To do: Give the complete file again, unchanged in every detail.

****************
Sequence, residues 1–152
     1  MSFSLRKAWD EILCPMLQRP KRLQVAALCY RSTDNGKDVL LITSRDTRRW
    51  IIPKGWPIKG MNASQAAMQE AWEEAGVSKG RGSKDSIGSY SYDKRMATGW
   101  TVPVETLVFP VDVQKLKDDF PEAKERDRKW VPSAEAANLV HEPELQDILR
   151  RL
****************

Sequence, residues 1–152
     1  MSFSLRKAWD EILCPMLQRP KRLQVAALCY RSTDNGKDVL LITSRDTRRW
    51  IIPKGWPIKG MNASQAAMQE AWEEAGVSKG RGSKDSIGSY SYDKRMATGW
   101  TVPVETLVFP VDVQKLKDDF PEAKERDRKW VPSAEAANLV HEPELQDILR
   151  RL